The Least Popular Congress Ever

Congress is not very popular. With its reputation for petty partisan bickering, Congress rarely is particularly popular. But the current Congress’ popularity has reached incredible new lows.


According to a recent New York Times/CBS News poll, just 12% of Americans say they approve of the way Congress handles its job. That matches the previous record low since they started regularly asking the question, set in 2008 during the height of the financial crisis. Not surprisingly, in follow-up interviews respondents identified the parties' inability to compromise as a reason for their disapproval. Neither the Democrats nor the Republicans in Congress poll well, although 28% approve of the job Democrats are doing compared to just 19% who approve of the job Republicans are doing. Even each party’s own voters disapprove of its congressional caucus: 43% of Democrats disapprove of the job Democrats in Congress are doing, and fully half of Republicans disapprove of the job Republicans in Congress are doing. Only 6% of registered voters say most members of Congress have earned reelection. 

As Joshua Tucker at The Monkey Cage says, general disapproval of Congress won't necessarily translate into incumbent members of Congress getting voted out of office. As political scientist Richard Fenno famously argued, people may disapprove of Congress as a whole, but still approve of their own representative. But that, as Tucker says, is what makes the latest data really remarkable. Only 33% of survey respondents say that even their own representative deserves to be reelected. That’s another record low, lower than the number of voters who said their own representative deserved to be reelected than before the wave elections of 1994 and 2006. And as Tucker says Gallup polling confirms that our dissatisfaction with our own members of Congress has rising to new highs over the past year.

That still doesn’t necessarily mean that incumbents are all going to voted out of office next year. The way the districts are drawn still gives incumbents of both parties an enormous advantage, and voters may not find they like their other choices any better. Nevertheless, we are in uncharted territory. Congress has become more steadily more polarized. More than ever, each party has a stake in seeing the other party fail. The use of the filibuster to block legislation in the Senate has skyrocketed. The recent debt ceiling fight shows that even previously routine votes like votes to authorize the government to pay debts it has already incurred have become high stakes fights. Republican strategists have to be worried about whether they can hold on to the House. It may be that their strategy of obstructing legislation to sabotage Obama's presidency has begun to backfire. But it seems likely that both parties will find themselves in upheaval as the next election approaches. It looks like voters really want to throw the bums out this time.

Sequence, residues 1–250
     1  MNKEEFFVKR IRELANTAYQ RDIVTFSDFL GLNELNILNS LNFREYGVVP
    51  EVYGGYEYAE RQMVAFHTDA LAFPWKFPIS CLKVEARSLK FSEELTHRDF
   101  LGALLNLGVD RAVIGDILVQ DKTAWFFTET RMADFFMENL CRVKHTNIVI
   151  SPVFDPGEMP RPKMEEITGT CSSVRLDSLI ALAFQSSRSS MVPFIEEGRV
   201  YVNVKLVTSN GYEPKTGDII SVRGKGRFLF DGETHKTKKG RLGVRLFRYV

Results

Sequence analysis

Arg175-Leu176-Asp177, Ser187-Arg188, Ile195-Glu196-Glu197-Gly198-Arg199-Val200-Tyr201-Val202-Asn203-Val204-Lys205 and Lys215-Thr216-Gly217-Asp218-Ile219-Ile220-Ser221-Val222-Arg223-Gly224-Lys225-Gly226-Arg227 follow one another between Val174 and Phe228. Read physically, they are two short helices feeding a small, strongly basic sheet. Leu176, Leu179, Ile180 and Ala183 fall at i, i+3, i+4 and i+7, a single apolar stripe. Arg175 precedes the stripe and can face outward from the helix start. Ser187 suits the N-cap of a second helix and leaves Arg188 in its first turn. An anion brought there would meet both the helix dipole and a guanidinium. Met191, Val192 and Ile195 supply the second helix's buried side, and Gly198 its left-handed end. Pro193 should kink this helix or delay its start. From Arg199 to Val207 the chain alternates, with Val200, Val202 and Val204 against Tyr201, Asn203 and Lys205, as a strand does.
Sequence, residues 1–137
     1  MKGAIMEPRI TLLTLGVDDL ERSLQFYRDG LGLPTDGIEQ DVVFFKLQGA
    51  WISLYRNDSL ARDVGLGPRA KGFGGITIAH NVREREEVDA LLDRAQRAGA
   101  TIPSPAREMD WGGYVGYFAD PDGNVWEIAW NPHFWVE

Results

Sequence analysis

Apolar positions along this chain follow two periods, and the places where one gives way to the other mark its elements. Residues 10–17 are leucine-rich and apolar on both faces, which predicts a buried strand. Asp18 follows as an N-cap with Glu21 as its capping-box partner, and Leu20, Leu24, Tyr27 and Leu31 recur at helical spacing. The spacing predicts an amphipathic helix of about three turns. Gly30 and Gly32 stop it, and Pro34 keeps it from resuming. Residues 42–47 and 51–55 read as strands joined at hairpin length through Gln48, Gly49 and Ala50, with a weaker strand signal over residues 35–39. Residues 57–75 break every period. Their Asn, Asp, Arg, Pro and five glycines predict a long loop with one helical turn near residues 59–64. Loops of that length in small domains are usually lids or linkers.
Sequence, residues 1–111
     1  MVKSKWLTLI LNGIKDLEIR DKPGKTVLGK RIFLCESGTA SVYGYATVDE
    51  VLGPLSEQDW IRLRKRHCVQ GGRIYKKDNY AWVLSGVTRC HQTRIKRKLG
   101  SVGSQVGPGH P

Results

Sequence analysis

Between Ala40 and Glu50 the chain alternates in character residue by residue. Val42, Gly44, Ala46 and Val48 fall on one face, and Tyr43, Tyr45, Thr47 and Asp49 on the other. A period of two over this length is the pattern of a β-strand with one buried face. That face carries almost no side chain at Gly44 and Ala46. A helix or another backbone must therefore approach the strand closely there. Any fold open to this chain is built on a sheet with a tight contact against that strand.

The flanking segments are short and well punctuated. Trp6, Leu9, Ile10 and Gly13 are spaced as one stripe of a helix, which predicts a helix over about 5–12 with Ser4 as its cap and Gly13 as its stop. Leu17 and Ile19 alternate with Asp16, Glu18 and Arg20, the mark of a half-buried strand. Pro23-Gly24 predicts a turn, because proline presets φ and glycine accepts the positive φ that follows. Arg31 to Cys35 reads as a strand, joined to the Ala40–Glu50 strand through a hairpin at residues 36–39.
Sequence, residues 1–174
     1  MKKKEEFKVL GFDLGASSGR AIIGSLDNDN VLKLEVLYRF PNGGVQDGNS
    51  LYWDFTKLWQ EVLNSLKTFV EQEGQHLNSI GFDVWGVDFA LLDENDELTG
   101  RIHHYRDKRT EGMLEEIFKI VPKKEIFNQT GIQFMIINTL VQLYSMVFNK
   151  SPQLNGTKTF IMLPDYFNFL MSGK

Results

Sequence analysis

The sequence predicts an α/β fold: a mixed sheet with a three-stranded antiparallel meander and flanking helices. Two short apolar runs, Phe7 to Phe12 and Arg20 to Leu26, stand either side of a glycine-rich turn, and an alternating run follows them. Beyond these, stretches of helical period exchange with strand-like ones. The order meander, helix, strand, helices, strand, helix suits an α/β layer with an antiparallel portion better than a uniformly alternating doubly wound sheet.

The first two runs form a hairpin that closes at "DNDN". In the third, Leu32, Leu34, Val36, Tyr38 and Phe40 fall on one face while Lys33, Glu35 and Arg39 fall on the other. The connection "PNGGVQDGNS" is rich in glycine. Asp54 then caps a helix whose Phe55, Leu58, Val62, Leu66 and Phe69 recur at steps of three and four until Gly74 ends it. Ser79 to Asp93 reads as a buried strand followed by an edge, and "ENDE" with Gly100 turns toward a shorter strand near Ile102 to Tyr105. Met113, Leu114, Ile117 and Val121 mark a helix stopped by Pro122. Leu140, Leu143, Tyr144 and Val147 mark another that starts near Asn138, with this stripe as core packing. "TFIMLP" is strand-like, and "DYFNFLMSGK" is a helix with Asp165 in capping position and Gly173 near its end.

Photo: Kevin McCoy

​There are two kinds of failure – but only one is honorable

Malcolm Gladwell teaches "Get over yourself and get to work" for Big Think Edge.

Big Think Edge
  • Learn to recognize failure and know the big difference between panicking and choking.
  • At Big Think Edge, Malcolm Gladwell teaches how to check your inner critic and get clear on what failure is.
  • Subscribe to Big Think Edge before we launch on March 30 to get 20% off monthly and annual memberships.
Keep reading Show less

Why are so many objects in space shaped like discs?

It's one of the most consistent patterns in the unviverse. What causes it?

Videos
  • Spinning discs are everywhere – just look at our solar system, the rings of Saturn, and all the spiral galaxies in the universe.
  • Spinning discs are the result of two things: The force of gravity and a phenomenon in physics called the conservation of angular momentum.
  • Gravity brings matter together; the closer the matter gets, the more it accelerates – much like an ice skater who spins faster and faster the closer their arms get to their body. Then, this spinning cloud collapses due to up and down and diagonal collisions that cancel each other out until the only motion they have in common is the spin – and voila: A flat disc.

This is the best (and simplest) world map of religions

Both panoramic and detailed, this infographic manages to show both the size and distribution of world religions.

(c) CLO / Carrie Osgood
Strange Maps
  • At a glance, this map shows both the size and distribution of world religions.
  • See how religions mix at both national and regional level.
  • There's one country in the Americas without a Christian majority – which?
Keep reading Show less
Photo by Alina Grubnyak on Unsplash
Mind & Brain

Do human beings have a magnetic sense? Biologists know other animals do. They think it helps creatures including bees, turtles and birds navigate through the world.

Keep reading Show less